THE OMARSSON FAMILY CREATED A SEPARATE CHILDREN’S BATHROOM
They love their split-level house from the 1940s, but at some point in the 1980s, the previous owners decided to do away with a lot of practical space – the good-sized bathrooms, for example. The Omarsson family has now changed all that.
THE CHILDREN’S NEW BATHROOM
In the ‘parents’ bathroom’, Ragnar and Ebba have retained as much as possible of the original 1940s appointment – including original porcelain from Gustavsberg. To maintain a consistent theme throughout the home, they were also keen to add a dash of the same to Viggo and Karatina’s new bathroom. They chose to remove a wardrobe to make room for a long and narrow wet room. The bathroom is positioned with one of the children’s rooms on either side, creating a separate ‘children’s wing’. “It’s the children’s bathroom and there’s always a lot of dashing about in there. But I sometimes sneak in to take a quick shower,” relates Ragnar. “I’ve always wanted one of these showers where it feels like it’s raining. It’s a truly wonderful shower.”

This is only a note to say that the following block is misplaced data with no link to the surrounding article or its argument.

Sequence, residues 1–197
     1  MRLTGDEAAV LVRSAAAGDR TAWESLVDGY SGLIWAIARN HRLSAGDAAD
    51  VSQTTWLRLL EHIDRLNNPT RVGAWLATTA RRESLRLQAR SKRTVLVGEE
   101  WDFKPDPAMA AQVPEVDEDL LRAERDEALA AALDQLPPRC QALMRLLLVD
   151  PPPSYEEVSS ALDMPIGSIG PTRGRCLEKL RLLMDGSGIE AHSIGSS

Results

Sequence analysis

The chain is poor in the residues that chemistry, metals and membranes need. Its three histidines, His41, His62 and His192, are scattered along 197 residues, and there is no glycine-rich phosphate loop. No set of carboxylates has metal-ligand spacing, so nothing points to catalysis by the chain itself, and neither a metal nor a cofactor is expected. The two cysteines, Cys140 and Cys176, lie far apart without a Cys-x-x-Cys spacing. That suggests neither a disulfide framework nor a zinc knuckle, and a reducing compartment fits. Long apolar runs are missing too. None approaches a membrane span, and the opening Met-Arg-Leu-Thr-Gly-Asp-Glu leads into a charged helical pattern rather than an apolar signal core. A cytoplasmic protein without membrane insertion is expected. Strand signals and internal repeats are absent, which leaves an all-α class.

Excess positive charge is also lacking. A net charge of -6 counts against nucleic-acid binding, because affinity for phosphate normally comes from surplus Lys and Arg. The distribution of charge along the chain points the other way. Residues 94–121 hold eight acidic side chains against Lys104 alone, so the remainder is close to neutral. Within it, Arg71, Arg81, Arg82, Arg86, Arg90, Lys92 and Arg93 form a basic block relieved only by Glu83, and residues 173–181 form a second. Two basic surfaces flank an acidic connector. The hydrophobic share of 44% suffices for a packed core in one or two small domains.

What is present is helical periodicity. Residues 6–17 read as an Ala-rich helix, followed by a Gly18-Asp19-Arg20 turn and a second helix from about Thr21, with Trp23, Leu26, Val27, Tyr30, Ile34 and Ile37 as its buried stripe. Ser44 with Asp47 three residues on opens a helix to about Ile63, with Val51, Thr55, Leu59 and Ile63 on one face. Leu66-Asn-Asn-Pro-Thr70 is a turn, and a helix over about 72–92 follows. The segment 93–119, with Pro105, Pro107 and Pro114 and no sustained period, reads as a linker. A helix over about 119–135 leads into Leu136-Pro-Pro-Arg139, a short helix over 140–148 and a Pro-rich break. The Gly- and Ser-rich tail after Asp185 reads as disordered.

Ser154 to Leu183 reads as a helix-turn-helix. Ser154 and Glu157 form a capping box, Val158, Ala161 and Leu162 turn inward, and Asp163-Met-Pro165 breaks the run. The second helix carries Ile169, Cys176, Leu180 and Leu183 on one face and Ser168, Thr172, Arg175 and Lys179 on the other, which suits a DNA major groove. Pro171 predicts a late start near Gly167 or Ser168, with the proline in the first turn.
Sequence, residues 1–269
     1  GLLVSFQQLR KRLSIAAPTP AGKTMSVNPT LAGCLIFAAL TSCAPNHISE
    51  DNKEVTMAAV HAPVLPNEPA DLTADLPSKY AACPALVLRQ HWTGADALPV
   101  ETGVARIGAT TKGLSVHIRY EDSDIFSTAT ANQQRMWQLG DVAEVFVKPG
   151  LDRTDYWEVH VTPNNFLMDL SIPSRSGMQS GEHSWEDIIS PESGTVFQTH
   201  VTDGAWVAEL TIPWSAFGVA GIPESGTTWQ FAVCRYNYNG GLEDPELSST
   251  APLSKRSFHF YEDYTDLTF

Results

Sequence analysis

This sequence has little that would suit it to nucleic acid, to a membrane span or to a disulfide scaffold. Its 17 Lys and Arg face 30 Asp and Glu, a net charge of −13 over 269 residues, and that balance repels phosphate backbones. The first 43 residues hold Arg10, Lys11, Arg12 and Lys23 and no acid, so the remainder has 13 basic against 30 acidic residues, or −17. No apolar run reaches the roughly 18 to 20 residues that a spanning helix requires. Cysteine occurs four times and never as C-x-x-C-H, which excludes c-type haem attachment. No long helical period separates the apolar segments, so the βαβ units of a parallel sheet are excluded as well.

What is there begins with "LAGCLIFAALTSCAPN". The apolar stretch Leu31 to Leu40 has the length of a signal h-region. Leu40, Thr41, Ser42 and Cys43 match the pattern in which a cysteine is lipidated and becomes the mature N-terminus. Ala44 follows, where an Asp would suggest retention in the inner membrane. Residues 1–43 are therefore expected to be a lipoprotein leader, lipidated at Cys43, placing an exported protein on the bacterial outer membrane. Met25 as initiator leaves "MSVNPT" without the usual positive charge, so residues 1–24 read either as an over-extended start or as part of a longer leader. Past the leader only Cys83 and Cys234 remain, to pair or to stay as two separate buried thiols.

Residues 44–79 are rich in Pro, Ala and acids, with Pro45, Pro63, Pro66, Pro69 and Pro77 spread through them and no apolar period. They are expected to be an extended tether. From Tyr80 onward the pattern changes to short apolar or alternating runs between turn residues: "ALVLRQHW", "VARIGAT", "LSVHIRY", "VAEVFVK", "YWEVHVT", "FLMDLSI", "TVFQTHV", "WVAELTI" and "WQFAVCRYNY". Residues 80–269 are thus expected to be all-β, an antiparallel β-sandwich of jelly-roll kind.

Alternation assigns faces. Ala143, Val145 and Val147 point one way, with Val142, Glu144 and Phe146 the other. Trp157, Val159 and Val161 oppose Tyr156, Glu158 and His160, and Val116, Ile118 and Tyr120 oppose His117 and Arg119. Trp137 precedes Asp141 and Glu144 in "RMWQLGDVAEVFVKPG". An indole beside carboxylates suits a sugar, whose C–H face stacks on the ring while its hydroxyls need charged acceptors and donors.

THE 1940S LIVE ON
The aesthetics of the children’s new bathroom reference the original bathroom in the home – with new porcelain from Gustavsberg. There is a sense of relationship in the expression. “We were keen to flirt with the 1940s, the period when the house was built. It’s important to show consideration for the building’s soul,” he says. One example of the family’s feeling for detail is Bernadotte’s classic light fitting – in new production – positioned above the mirror.
HOW DID IT TURN OUT?
“Following the renovation, everyone can see one another, and it’s easy to put the kids to bed,” says Ragnar. They can keep an eye on each other in their separate areas. And if they leave the door open, they can hear the grown-ups, too. Mixers with smart solutions are an added bonus. When children can do what they want in their own bathroom, it is important to have functions that automatically regulate the hot water temperature, and which prevent water from streaming out unnecessarily. When they drew up the bathroom, it was difficult to imagine a room just one metre wide – but the final result actually feels quite spacious. “A bathroom need not be overly large,” explains Ragnar. He then adds with some satisfaction: “It turned out even better than I’d hoped.”